As a result, not much happens. So you ask for more power, which causes the committee to have a bit of a panicky wobble. Now it’s like the Terminator in that scene in the new film when it has been told to kill John Connor and save him. It hasn’t a clue what to do, so it just gives you random gears in no particular order until finally you mash the pedal to the metal, at which point it has a temper tantrum and throws a saucepan at your head.

Happily, there is a solution. You keep the gear selector in the Sport position, which tells the on-board computer that you literally couldn’t give a pig’s arse about the polar bear. You just want to be able to pull onto a roundabout without being T-boned by an oncoming lorry.

Maybe these issues will be addressed when the latest petrol engines come on stream next year. But that doesn’t really help if you’re looking for a new car now.

Jeremy Clarkson Jaguar XE review rear seats

This might, though. I was on the M40 — a road I know so well that I’ve given all the Catseyes names — when I suddenly realised that the XE is extremely comfortable. Oh, there are buttons that ruin that by making it bumpier, but in Normal mode it is fabulous.

And it’s not just the ride either. It has a refinement that is far beyond anything you could reasonably expect in this area of the market. In short, it feels noticeably more expensive than its German rivals. Even when you’re going round Hammersmith roundabout, in west London, which is basically a ploughed field these days, it feels as though you’re on a magic carpet.

If you leave this car’s gearbox in Sport mode it’s a better buy than anything BMW, Audi or Mercedes will sell you for the same money

Maybe this is down to the integral-link rear suspension, which is heavier than the setup everyone else uses but is better at its job. Or maybe the all-new platform, which one day will be used to make the Range Rover Evoque, is just inherently excellent. Or maybe it’s a combination of things. But the XE feels like a £100,000 car. It drives well too.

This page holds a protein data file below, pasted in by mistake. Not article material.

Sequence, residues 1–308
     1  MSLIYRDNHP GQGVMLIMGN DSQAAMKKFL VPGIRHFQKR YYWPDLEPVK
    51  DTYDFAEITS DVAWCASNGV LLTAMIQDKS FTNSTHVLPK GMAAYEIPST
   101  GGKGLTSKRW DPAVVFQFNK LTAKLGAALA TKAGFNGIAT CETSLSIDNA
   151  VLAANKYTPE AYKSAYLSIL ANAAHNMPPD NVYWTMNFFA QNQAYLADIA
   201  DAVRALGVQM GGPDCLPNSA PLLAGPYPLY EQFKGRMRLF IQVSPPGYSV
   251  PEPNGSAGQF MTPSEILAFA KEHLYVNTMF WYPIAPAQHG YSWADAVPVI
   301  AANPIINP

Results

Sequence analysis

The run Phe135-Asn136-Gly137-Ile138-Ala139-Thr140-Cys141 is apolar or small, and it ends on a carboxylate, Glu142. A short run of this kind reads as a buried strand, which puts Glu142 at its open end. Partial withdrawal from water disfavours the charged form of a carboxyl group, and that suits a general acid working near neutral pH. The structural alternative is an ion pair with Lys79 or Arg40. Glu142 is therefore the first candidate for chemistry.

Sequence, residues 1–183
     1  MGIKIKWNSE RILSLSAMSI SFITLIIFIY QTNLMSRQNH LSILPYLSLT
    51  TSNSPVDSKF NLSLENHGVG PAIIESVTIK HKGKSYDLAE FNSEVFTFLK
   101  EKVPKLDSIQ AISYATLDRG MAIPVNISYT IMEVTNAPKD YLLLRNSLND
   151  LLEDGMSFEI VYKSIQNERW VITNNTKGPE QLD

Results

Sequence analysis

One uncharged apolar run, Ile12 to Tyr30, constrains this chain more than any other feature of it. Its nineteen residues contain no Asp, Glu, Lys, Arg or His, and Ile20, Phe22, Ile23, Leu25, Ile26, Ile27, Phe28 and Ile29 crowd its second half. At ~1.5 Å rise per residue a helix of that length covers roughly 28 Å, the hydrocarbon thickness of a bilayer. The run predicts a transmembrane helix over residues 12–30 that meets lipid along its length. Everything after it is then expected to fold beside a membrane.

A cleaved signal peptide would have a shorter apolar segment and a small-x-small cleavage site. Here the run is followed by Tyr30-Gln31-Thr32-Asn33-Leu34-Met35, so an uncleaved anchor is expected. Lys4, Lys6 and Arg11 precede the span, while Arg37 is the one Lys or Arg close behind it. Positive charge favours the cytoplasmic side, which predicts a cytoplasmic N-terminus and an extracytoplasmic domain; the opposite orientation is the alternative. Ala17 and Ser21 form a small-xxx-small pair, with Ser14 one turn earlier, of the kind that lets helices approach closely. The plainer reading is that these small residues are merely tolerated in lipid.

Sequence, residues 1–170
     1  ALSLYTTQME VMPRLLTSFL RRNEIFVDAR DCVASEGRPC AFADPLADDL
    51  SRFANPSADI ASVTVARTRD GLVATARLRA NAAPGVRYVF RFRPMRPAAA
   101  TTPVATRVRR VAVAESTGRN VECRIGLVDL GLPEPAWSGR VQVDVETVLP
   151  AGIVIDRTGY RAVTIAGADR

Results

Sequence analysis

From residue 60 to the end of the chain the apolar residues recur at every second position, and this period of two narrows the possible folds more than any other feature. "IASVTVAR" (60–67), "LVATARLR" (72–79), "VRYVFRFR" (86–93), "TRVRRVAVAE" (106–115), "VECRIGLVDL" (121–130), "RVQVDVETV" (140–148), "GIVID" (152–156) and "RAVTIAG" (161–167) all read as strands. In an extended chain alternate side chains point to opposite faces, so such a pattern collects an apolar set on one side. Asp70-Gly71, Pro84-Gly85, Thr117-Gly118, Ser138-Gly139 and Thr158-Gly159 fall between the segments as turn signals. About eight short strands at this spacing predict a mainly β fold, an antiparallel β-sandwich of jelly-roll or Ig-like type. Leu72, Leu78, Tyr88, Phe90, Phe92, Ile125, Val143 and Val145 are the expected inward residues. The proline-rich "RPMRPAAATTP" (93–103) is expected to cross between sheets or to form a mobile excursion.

And then it gets better because it is also extremely good-looking. It doesn’t stand up and shout, “Look at me”, but when you do, you will be mesmerised by its beauty. It’s a minx with windscreen wipers.

Jeremy Clarkson Jaguar XE review

I have no doubt at all that if you leave this car’s gearbox in Sport mode, switching back to “D” only when you’re on a motorway, it’s a better buy than anything BMW, Audi or Mercedes will sell you for the same money. It’s definitely the one I’d choose.

There is just one thing, though, before I close. In the fullness of time, Jaguar will launch a fast XE. It’ll have a V8, and everyone will rush around clutching their tinkles, saying that it’s as good as a BMW M3. But no one will actually buy it, because if you want an M3, you’ll buy one, not something that’s just pretending.

So how’s this for a plan? Jaguar should launch a Terry-Thomas special edition with lots of wood and tweed and possibly a decanter in the centre armrest. Sell it with a mildly forged Rembrandt in the boot and the number of a good lawyer programmed into the phone.

Because anyone who’s old enough to be able to afford a Jaguar will want that from his car, not an ability to leave 300 yards of black stripes down the road every time he sets off.

2015 Jaguar XE Portfolio 2.0I 240PS specifications
  • Engine: 1999cc, 4 cylinders, petrol, turbocharged
  • Power: 237bhp @ 5500rpm
  • Torque: 251 lb ft @ 1750rpm
  • Transmission: 8-speed automatic
  • Performance: 0-62mph: 6.9sec
  • Top speed: 155mph
  • Fuel: 37.7mpg (combined)
  • CO2: 179g/km
  • Road tax band: I (£350 for first year; £225 thereafter)
  • Price: £33,740
  • Release date: On sale now